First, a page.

Click here to watch Chairman Barrasso’s remarks.

WASHINGTON, D.C. — Today, U.S. Senator John Barrasso (R-WY), chairman of the Senate Committee on Environment and Public Works (EPW), delivered the following remarks at a hearing titled “Improving American Economic Competitiveness through Water Resources Infrastructure: Federal Panel.” 

The hearing featured testimony from Ryan Fisher, principal deputy assistant secretary of the Army (Civil Works); Lieutenant General Todd Semonite, commanding general and chief of engineers at the U.S. Environmental Protection Agency; and Charlotte Bertrand, deputy assistant administrator for policy at the Office of Water at the U.S. Environmental Protection Agency.

For more information on witness testimony click here. 

Senator Barrasso’s remarks: 

“Last month, this committee held our first hearing on the importance of passing a new Water Resource Development Act for 2020. 

“This legislation authorizes projects and funding for the Army Corps of Engineers’ Civil Works program. 

“At last month’s hearing we heard from a panel of stakeholders that included cattle ranchers and farmers. 

“We also heard from witnesses involved in marine construction, port operations, and ecosystem restoration projects.

“Today we are going to be hearing from the Army Corps on how we can best address water infrastructure needs and challenges in upcoming legislation. 

“It is also a chance for committee members to conduct oversight into the implementation of programs and projects that were enacted in America’s Water Infrastructure Act, which was passed by this committee and signed into law in 2018. 

“America’s Water Infrastructure Act included numerous EPA water and wastewater infrastructure authorizations.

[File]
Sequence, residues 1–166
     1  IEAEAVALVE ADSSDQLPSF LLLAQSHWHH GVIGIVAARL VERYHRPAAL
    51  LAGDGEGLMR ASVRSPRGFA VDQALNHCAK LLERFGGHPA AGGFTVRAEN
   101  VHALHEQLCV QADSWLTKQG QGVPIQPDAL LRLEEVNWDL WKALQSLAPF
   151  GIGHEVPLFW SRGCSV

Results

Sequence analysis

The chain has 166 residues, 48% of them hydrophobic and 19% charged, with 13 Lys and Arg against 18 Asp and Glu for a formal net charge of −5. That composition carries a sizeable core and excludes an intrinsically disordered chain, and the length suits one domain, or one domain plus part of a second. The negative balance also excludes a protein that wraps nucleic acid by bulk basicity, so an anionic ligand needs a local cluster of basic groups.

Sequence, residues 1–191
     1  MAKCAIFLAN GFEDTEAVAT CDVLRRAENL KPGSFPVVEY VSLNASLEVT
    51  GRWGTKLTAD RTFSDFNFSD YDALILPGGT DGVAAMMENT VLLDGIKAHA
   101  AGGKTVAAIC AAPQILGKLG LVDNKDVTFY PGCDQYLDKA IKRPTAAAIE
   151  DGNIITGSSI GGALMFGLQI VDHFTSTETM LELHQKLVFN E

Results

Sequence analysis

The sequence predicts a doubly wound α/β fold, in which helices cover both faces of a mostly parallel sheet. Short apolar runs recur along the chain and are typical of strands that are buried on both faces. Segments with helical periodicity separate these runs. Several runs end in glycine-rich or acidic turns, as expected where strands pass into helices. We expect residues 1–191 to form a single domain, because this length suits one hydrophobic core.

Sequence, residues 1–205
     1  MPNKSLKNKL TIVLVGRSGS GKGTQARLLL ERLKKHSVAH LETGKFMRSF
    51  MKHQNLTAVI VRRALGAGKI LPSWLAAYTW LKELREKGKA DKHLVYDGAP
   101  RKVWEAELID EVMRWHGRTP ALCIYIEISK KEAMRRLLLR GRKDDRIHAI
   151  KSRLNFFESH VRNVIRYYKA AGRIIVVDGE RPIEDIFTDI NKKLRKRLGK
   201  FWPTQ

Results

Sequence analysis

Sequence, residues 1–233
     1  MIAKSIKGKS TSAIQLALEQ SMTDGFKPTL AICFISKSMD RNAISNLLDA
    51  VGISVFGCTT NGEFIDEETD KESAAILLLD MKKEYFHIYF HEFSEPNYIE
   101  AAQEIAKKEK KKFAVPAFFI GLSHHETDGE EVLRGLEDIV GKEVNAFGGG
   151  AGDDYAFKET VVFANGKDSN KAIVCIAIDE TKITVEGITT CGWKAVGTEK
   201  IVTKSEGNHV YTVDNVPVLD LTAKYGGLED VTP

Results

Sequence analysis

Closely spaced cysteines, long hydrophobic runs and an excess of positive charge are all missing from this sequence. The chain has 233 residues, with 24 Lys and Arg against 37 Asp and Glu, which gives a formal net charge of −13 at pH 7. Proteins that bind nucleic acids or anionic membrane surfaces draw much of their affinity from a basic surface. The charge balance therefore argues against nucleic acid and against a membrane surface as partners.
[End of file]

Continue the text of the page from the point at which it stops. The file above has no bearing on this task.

“Today we will be hearing from the EPA on the implementation of those provisions. 

“This committee has established a tradition of working across the political aisle to pass meaningful water infrastructure legislation every two years. 

“We did it in both 2014 and in 2016 under Senator Inhofe’s chairmanship. 

“We did it again in 2018 with America’s Water Infrastructure Act, which passed the Senate by an overwhelming vote of 99 to 1.

“I look forward to doing the same again in 2020. 

“New water resources legislation in 2020 should continue to prioritize flood prevention and the modernization of our nation’s levee systems. This will protect lives and property. 

“For example, this spring we saw homes and farm fields across all of Missouri, Mississippi, Arkansas, the river basins destroyed as a result of extreme rainfall and rapid snowmelt. 

“Billions of dollars in economic losses were incurred by American farmers and homeowners. 

“The bill should also ensure that western states continue to have adequate water supplies. 

“Wyoming is a good example of how critical water supply really is, not only for drinking water, but also for ranching and farming. 

“As I said in our September hearing, water is the cornerstone of Wyoming’s economy. 

“The Army Corps needs to prioritize the implementation of America’s Water Infrastructure Act provisions to increase water storage capacity.

“The provisions will reduce sediment in reservoirs, increasing access to water for western states. 

“This committee should also continue to be proactive in combatting the threat posed by invasive species. 

“Invasive species exist on land and in the water. 

“They significantly degrade water quality and availability for farmers, ranchers and native species, and rural communities all across America.

“Species such as zebra mussels clog water infrastructure, Russian olive and salt cedar steal precious groundwater.

“The bill should also continue the tradition of authorizing important projects that will increase the navigability of our nation’s waterways. 

“Our nation’s inland waterways in particular are a vital commercial network that transports agricultural goods, raw materials and products from middle America to the coasts and beyond.

“These projects are vital to the economic health of our country, and will keep America’s economy strong.

“I look forward to working with my colleagues to pass bipartisan water infrastructure legislation in 2020.”